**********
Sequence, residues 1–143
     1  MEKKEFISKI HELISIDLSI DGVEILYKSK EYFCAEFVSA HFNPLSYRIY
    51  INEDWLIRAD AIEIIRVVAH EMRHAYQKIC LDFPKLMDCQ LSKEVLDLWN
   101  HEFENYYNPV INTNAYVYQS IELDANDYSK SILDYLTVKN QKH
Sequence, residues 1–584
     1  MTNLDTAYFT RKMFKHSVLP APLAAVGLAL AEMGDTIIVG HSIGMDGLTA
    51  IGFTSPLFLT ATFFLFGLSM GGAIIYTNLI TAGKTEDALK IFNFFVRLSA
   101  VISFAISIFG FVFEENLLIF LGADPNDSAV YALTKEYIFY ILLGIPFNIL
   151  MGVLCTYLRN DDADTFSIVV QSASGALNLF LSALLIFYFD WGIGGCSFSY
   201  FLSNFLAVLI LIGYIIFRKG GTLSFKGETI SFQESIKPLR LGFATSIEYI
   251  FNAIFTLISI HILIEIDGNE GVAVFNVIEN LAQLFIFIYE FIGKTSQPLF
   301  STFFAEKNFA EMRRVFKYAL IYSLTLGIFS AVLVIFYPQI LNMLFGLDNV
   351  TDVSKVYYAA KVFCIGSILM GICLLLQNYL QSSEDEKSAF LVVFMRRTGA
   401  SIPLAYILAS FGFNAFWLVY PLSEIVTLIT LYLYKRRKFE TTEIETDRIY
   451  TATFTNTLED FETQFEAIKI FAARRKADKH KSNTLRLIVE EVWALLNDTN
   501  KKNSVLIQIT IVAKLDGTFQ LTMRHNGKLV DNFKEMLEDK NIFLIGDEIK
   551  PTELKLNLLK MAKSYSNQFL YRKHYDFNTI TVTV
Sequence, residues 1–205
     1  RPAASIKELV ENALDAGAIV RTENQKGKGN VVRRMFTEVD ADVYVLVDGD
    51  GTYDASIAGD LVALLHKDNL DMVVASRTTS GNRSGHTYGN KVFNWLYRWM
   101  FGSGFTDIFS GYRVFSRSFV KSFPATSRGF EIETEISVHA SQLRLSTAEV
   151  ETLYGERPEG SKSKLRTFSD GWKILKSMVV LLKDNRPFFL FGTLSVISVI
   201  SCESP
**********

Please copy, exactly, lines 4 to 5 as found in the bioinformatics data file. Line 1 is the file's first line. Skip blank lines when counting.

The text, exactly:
   101  HEFENYYNPV INTNAYVYQS IELDANDYSK SILDYLTVKN QKH
Sequence, residues 1–584